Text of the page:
Identifying nutritional deficiencies in backyard plants

Page last updated: Monday, 13 August 2018 - 4:49pm

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Nutrient excess

Any excess of nutrients can create an undesirable effect on plants as it decreases the plant’s growth and quality.

Excesss nitrogen symptoms — An excess of nitrogen causes rapid growth with reduced flowering and fruit formation. The plants look overly green, and may have thin stems. The soft new foliage becomes attractive to pests and susceptible to diseases.

Excess phosphorus symptoms — Most Australian soils are deficient in phosphorus and native plants have become very efficient in extracting this nutrient. Fertilising natives with a general fertiliser is not recommended as those fertilisers contain phosphorus. Symptoms of toxicity include lack of growth, apparent iron deficiency (yellowing between the veins of youngest leaves), red colours starting in oldest leaves, drop of oldest leaves, tip death in the worst cases, and a susceptibility to root rot fungi such as phytophthora.

A guide to nutrient deficiency symptoms

Deficiency showing on older leaves — symptoms affecting the whole leaf:
  • Nitrogen — Yellowing of older leaves, usually at the base of the plant.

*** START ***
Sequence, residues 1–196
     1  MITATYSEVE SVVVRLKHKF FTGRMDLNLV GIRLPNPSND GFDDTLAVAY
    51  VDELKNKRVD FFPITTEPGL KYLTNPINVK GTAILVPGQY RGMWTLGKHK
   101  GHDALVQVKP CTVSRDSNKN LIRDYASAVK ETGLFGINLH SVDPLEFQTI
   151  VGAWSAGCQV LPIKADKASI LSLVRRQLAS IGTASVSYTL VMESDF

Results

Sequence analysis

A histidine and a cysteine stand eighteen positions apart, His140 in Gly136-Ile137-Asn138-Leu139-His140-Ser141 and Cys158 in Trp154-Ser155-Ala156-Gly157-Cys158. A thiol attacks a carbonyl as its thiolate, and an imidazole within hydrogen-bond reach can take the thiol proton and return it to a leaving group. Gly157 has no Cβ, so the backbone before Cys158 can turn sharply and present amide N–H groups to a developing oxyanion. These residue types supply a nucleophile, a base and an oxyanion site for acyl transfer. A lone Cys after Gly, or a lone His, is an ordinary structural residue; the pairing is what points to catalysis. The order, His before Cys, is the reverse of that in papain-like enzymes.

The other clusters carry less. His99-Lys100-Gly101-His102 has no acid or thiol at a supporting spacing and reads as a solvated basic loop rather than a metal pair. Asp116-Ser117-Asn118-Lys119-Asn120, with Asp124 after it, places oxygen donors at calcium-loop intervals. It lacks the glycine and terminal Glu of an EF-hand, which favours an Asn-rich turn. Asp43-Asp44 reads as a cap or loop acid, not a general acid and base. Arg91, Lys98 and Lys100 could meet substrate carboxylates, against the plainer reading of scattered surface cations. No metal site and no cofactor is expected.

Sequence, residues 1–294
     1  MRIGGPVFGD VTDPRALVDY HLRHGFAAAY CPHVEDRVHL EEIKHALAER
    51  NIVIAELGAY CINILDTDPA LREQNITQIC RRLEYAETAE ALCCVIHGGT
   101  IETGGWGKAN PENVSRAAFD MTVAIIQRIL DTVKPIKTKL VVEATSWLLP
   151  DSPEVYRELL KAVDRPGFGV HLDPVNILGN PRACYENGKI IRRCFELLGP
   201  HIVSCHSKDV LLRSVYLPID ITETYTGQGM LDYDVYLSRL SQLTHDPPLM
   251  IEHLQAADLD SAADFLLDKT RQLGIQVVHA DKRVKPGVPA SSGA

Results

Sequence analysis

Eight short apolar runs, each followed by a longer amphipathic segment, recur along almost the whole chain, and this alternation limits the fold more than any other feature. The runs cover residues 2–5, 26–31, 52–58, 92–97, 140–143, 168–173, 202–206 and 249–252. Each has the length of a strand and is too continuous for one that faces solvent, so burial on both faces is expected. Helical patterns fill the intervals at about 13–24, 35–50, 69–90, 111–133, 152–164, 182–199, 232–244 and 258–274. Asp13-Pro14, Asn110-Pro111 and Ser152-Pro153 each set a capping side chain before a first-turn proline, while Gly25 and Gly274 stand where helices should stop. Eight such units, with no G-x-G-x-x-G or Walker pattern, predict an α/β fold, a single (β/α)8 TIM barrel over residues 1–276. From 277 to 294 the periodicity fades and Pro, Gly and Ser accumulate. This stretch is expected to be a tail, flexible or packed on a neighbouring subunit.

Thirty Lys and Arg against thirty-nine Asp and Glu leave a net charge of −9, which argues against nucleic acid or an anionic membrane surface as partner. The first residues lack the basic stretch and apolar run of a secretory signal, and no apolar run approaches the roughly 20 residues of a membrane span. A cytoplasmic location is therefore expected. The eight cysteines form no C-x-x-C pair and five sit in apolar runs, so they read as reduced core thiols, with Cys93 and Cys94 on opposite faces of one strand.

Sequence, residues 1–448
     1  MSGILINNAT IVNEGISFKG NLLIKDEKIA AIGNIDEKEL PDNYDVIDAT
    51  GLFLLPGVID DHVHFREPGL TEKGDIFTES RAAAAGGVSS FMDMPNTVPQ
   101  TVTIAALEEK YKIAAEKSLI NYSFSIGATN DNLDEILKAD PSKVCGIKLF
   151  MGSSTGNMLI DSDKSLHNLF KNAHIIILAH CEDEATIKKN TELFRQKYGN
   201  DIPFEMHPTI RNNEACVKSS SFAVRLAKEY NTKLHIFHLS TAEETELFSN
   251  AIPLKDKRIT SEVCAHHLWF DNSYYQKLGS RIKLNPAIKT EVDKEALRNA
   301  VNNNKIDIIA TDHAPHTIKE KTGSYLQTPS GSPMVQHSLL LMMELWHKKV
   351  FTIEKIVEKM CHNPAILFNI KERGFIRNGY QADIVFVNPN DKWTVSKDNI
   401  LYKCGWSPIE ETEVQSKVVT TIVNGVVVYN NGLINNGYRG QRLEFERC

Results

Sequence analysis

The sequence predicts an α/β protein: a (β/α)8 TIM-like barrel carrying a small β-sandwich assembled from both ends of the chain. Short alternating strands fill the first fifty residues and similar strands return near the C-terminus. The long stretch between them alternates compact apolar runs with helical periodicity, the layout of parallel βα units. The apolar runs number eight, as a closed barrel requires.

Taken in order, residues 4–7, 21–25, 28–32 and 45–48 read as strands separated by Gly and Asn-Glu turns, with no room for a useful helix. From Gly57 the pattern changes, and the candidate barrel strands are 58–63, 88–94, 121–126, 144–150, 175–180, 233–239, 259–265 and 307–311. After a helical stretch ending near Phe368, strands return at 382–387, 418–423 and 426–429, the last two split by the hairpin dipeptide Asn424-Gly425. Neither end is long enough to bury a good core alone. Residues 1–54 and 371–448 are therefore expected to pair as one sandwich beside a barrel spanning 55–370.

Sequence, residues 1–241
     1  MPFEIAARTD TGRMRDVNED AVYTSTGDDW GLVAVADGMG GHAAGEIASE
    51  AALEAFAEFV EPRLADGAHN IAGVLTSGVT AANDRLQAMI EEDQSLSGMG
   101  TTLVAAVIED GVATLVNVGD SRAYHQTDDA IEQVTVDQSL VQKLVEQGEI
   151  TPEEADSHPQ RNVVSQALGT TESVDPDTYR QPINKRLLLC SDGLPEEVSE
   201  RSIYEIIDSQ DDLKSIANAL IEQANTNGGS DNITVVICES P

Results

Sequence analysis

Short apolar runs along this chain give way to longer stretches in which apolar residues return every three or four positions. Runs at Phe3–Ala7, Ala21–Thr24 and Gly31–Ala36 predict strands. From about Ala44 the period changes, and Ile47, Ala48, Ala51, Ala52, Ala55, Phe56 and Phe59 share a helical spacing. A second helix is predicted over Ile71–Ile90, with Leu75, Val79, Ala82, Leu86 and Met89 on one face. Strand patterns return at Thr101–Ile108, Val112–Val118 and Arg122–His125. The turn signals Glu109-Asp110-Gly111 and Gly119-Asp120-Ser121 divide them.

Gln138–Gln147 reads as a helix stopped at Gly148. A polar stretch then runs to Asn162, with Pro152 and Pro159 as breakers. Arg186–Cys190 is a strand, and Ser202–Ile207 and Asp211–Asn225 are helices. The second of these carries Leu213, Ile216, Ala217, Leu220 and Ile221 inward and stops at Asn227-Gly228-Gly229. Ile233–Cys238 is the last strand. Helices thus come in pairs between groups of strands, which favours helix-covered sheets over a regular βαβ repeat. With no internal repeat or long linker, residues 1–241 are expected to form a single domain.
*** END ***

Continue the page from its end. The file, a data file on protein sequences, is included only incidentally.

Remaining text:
• Phosphorus — Reddish purple and drying of tips on young leaves.
Deficiency showing on older leaves — symptoms affecting only parts of the leaf:
  • Potassium — Edges of older leaves look scorched; yellowing between the veins; dead spots.
  • Magnesium — Mottling, yellowing parts, sometimes reddened; dead spots.
Deficiency showing on younger leaves with distorted terminal buds:
  • Calcium — Young leaves become hooked, then begin to die back from the tips and edges.
  • Boron — Young leaves become pale at the base; other leaves appear twisted. 
  • Zinc — Yellowing between veins; dead spots become large.
Dead spots on young leaves:
  • Manganese — Small dead spots appear in areas that have yellowed but veins remain green.
Pale colouring in leaves:
  • Iron — New leaves become pale and in some cases white, but veins remain green.
  • Sulphur — New leaves, including their veins, become pale yellow, but older leaves remain green. Veins become chlorotic.

Unfamiliar pests

The Department of Agriculture and Food, Western Australia (DAFWA) is on the lookout for animal and plant pests, diseases and weeds that could pose a threat to agriculture and the environment.

If you discover something unfamiliar, please send a photo to the Pest and Disease Information Service (PaDIS) by email: or phone them on Freecall: 1800 084 881.

Please read the sending specimens for identification web article before sending, or bringing in, samples to the Pest and Disease Information Service, 3 Baron-Hay Court, South Perth, 6151, WA.